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Weekly SNAC, 22 January 2017 - Blessed are......


 

 

 

Everyone knows that famous scene from the movie “Life of Brian”. Jesus is preaching his sermon on the mount and at the back of the crowd poor Brian mishears “blessed are the cheesemakers”.

Whenever I hear Christians say “I am so blessed by God” and they are referring to their personal wealth or career or latest holiday then I can’t help but think they may have misunderstood Jesus just like Brian.

‘Blessed’ is such an old-fashioned word. My trusty 2010 Macquarie Dictionary says that to be blessed is to be consecrated, holy or divinely favoured, but that definition is too esoteric.

I was reminded about the true nature of blessing by William Taylor at CMS Summer School this year. Our God is a God of blessing. Blessing originates from God. You need go no further than the first 2 chapters of the Bible to see how thoroughly all creation depends on God’s blessing:
Gen 1:22 – God blessed them saying “Be fruitful, multiply, fill the earth and subdue it”
Gen 2:3 – God blessed the seventh day and declared it holy for on it He rested from His work of Creation.

Humanity was blessed at creation yet very quickly Adam and Eve turned their backs on blessing and discovered its opposite - cursing. As human sin entered and marred creation so did humans and creation experience curse. The curse of the Fall in Genesis 3 is the predominate challenge to our current existence and comes in all its forms: death; decay; relational breakdown between God and mankind; and relational breakdown amongst mankind.

In the Genesis account, after the Fall the next occurrence of blessing comes with Noah. God said to Noah, in an echo of his previous words: “be fruitful and multiply and fill the earth” (Gen 9:1). However, Noah’s family carried on the tradition of rebelling against God and his good blessing to us. This pattern of human rebellion is well documented in both the pages of the Bible and the stories of human history. Curse, not blessing, seems to be the order of the day for humanity.

Enter Abram in Genesis 12. A no one from no-wheres-ville but decidedly human – the son of Terah – the son ultimately of Adam – the son of rebellion and curse. But God uniquely blessed Abram:

My covenant is with you: you will become the father of many nations. 5 Your name will no longer be Abram, but your name will be Abraham, for I will make you the father of many nations. 6 I will make you extremely fruitful and will make nations and kings come from you. 7 I will keep My covenant between Me and you, and your future offspring throughout their generations, as an everlasting covenant to be your God and the God of your offspring after you. 8 And to you and your future offspring I will give the land where you are residing—all the land of Canaan—as an eternal possession, and I will be their God.” (Gen 17:4-8)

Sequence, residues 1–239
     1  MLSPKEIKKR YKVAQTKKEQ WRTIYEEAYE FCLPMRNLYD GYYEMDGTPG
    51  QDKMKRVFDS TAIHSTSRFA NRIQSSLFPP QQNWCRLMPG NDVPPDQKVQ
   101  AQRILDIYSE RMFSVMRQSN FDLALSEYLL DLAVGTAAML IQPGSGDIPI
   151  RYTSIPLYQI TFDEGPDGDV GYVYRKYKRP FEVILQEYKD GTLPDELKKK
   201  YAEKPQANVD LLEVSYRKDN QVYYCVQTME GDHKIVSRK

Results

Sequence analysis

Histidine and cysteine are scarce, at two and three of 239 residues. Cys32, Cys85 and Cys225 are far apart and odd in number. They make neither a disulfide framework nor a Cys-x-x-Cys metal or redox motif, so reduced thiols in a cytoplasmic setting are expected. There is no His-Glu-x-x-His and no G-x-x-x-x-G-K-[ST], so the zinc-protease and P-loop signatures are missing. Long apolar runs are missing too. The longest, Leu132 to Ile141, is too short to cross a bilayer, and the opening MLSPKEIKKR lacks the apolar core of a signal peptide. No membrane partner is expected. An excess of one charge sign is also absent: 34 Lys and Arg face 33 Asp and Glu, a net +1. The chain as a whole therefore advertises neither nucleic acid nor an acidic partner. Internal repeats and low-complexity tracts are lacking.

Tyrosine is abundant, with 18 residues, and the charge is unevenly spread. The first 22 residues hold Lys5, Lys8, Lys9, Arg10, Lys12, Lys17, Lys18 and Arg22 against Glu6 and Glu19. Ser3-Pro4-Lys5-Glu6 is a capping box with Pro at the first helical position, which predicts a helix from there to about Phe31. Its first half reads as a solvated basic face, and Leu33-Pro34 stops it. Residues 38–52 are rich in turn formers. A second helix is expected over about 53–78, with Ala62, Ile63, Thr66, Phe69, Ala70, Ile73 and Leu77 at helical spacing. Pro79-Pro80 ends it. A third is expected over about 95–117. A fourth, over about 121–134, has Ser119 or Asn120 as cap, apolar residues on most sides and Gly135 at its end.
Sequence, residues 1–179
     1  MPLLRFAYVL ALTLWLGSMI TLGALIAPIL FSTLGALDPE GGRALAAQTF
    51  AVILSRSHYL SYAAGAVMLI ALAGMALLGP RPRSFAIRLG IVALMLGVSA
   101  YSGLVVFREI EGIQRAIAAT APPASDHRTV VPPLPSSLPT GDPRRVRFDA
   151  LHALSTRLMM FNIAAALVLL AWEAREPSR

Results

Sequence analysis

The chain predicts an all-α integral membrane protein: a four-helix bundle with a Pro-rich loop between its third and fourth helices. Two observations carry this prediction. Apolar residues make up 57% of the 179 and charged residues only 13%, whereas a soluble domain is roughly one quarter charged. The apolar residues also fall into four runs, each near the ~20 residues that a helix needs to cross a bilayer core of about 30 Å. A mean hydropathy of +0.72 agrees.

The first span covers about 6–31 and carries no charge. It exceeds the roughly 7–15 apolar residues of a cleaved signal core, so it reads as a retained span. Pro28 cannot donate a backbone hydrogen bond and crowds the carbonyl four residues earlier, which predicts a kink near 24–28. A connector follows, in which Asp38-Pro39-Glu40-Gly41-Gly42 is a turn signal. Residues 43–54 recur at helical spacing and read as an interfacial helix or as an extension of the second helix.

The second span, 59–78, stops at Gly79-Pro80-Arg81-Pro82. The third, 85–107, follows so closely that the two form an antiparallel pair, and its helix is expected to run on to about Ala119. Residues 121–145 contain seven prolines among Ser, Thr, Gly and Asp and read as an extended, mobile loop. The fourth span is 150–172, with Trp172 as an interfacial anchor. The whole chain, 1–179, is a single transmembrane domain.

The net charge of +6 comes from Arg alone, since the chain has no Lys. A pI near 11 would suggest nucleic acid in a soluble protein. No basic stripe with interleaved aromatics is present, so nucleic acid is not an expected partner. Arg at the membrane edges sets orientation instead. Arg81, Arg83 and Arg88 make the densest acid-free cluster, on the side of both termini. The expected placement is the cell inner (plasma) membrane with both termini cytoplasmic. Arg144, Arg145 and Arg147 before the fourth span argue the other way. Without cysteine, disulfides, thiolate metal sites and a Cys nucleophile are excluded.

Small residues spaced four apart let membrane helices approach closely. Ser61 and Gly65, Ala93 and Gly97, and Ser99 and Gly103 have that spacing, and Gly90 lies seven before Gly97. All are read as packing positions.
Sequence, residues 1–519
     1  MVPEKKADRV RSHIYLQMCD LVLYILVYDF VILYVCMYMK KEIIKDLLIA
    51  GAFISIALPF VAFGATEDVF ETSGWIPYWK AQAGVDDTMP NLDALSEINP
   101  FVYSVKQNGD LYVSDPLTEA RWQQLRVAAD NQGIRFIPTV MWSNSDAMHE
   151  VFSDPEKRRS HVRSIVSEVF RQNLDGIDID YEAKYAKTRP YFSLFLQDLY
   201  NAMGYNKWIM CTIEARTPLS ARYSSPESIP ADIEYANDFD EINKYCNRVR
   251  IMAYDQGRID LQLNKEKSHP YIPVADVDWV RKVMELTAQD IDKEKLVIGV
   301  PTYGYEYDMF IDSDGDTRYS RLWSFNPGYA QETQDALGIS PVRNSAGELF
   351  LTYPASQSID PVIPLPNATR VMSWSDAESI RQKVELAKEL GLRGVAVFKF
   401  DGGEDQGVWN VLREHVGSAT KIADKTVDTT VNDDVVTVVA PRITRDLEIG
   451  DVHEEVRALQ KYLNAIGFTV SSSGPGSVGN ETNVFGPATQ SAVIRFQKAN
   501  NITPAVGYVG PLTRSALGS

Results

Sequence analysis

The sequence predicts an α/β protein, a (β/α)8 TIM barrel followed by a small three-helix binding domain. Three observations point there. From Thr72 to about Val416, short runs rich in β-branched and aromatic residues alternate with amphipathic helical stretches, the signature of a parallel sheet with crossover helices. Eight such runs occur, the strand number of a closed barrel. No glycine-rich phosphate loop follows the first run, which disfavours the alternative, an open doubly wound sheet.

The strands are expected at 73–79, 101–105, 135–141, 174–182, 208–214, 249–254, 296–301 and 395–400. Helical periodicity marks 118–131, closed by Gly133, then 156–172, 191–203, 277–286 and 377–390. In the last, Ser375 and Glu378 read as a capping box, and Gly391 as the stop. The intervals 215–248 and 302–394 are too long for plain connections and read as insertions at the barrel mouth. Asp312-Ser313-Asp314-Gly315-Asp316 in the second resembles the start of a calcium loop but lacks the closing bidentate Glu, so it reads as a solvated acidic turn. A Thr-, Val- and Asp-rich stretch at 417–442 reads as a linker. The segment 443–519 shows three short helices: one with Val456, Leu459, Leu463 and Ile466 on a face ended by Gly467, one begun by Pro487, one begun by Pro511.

God’s blessing took the form of promises; some to be realized in Abram’s life and others in the longer term. Abraham was given a new name. Abram meant “the father is exalted” and was probably given by his parents in reference to the moon cult of Ur. However, his new name, as we are told, was a statement of promise – Abraham the father of a multitude.

As William Taylor explained at CMS Summer School, embedded in the new name ‘Abraham’ are the three ideas: father, blessing and fruitful abundance. Abraham’s name is therefore itself a repetition of God’s promises.

Years later, after Jesus came and lived and died and rose again, Hebrews 11:12 pointed out that those promises did find fulfilment. When speaking about Abraham it says: “12 Therefore from one man—in fact, from one as good as dead—came offspring as numerous as the stars of heaven and as innumerable as the grains of sand by the seashore.

True blessing is most certainly divinely ordained. However, we mishear God if we do not first understand blessing through the incredible promises of God. It’s no wonder Jesus actually says in his sermon on the mount: don’t worry about the things of this world but seek first the Kingdom of God. Because God’s ancient blessing, first in creation then specifically through Abraham and fulfilled in Jesus is the whole point of all of creation and discovering this is the very purpose of our life.

The Bible ends in the book of Revelation as it began in Genesis - with blessing. Blessed are those who wash their robes in the blood of Jesus – they will have the right to the tree of life and may enter the city of God (Rev 22:14). What a wonderful and certain hope fulfilled and finally revealed in Christ. We are blessed.

If you would like to think more about the promises of God fulfilled in Jesus then I recommend the William Taylor talks available for purchase and download from cms.org.au/nswact website.

In the coming month there are two opportunities to consolidate some of these incredible ideas. Don’t miss our Sermon on the Mount sermon series starting in February. Also, why not join our PTC courses (Introduction to the Bible or Old Testament 1) starting in February that will push you further to understand God’s promises revealed in the Bible.

Jason Veitch

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